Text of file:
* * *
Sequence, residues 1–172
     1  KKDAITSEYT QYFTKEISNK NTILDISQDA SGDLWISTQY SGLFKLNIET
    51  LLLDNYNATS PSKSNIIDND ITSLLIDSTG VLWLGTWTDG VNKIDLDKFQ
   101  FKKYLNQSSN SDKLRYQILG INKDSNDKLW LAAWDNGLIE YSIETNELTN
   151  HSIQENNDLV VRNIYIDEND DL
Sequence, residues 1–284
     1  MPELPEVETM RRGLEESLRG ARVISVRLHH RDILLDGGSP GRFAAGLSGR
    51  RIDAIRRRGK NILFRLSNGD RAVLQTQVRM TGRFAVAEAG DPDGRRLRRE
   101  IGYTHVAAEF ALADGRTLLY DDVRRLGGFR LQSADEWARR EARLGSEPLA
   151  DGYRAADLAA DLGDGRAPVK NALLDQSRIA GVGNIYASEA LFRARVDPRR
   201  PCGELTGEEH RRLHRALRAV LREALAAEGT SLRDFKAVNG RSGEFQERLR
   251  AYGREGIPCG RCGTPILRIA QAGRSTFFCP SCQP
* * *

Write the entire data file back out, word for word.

Sequence, residues 1–172
     1  KKDAITSEYT QYFTKEISNK NTILDISQDA SGDLWISTQY SGLFKLNIET
    51  LLLDNYNATS PSKSNIIDND ITSLLIDSTG VLWLGTWTDG VNKIDLDKFQ
   101  FKKYLNQSSN SDKLRYQILG INKDSNDKLW LAAWDNGLIE YSIETNELTN
   151  HSIQENNDLV VRNIYIDEND DL
Sequence, residues 1–284
     1  MPELPEVETM RRGLEESLRG ARVISVRLHH RDILLDGGSP GRFAAGLSGR
    51  RIDAIRRRGK NILFRLSNGD RAVLQTQVRM TGRFAVAEAG DPDGRRLRRE
   101  IGYTHVAAEF ALADGRTLLY DDVRRLGGFR LQSADEWARR EARLGSEPLA
   151  DGYRAADLAA DLGDGRAPVK NALLDQSRIA GVGNIYASEA LFRARVDPRR
   201  PCGELTGEEH RRLHRALRAV LREALAAEGT SLRDFKAVNG RSGEFQERLR
   251  AYGREGIPCG RCGTPILRIA QAGRSTFFCP SCQP